This article was contributed by Save The Snakes Advisory Committee Member Steven Allain.
In this blog, Steven introduces his PhD research on grass snakes and how snake research can help us in understanding them better
Ever since I was a young kid, I’ve wanted to work with snakes for a living.
It was a combination of spending every waking hour I could in the outdoors and watching a number of influential presenters on TV (such as Steve Irwin) that really ignited this passion. I’ve spent the past seven years working with amphibians, with reptiles taking the back seat. Now, this has been flipped on its head although I am I still involved with a number of amphibian conservation projects around the world. In this introductory blog, my goal is to give you all of a picture of my current research project and where I think it is going to lead in the future.
Until recently the barred grass snake (Natrix helvetica) was classified as a subspecies of the more wider-ranging European grass snake (Natrix natrix). This was until in 2017, after some investigation into the mitochondrial DNA of different populations of grass snakes across Europe, that N. natrix was split into a handful of species. In this case, a small number of subspecies were elevated to species level including the grass snakes found in the UK. It’s important to note this as all of the literature that focuses on grass snake research across England and Wales (where they are found most predominantly in the UK) prior to this taxonomic split classes them as either Natrix natrix or Natrix natrix helvetica. As you can imagine, this has caused quite a few headaches but at least they have been easy to resolve. This isn’t the case for areas such as west Germany where there are now populations of more than one species of grass snake.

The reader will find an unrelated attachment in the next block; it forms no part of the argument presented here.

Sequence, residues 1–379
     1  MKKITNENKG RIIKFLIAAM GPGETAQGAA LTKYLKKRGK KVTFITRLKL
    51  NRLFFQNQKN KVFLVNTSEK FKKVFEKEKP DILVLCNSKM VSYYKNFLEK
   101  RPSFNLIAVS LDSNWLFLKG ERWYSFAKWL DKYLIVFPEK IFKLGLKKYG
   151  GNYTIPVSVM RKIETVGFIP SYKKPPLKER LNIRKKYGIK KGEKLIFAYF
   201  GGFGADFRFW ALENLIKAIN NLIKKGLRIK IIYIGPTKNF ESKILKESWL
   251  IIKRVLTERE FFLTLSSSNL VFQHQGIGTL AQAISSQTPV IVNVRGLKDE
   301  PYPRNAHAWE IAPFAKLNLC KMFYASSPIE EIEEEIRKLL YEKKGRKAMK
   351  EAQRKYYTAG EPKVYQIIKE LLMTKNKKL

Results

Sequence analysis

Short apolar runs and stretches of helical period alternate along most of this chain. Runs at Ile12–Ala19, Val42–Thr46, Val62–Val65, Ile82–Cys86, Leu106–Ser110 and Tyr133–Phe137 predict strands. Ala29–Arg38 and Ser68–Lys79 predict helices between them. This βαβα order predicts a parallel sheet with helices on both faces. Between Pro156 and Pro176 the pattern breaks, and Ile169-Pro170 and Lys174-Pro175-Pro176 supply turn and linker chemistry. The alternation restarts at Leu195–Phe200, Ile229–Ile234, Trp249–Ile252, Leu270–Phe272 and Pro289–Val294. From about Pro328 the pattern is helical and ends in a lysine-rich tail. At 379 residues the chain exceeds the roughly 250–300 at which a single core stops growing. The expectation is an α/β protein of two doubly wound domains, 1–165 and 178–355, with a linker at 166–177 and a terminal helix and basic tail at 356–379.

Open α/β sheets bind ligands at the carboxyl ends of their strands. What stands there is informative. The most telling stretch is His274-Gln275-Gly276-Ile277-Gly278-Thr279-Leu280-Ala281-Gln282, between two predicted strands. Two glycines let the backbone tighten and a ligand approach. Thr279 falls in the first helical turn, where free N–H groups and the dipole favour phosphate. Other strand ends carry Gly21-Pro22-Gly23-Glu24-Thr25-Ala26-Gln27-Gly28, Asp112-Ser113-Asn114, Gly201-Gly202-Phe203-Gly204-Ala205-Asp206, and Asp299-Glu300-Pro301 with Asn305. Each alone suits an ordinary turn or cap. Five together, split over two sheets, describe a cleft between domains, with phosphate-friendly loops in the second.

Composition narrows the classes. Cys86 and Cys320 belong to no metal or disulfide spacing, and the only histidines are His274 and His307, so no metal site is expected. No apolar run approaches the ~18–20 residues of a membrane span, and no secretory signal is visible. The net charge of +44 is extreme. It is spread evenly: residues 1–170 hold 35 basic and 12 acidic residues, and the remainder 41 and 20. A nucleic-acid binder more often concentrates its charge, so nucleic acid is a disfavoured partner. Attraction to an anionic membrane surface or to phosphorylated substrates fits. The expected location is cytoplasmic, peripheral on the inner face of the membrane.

Fast-forward to the present day and I’m studying the barred grass snake for my PhD in Biodiversity Management. Despite the fact that the species has a wide distribution across Western Europe and is relatively widespread throughout its range, we still know very little about it. It’s almost as if the snakes have been neglected by herpetologists over the years as they were too busy working on the exotic species that were being brought back to Europe as colonial empires were being expanded throughout the preceding centuries. This large knowledge gap has been open for some time and although researchers have been working to fill in the blanks since the late 1800s, there are still many for me (and others) to work on.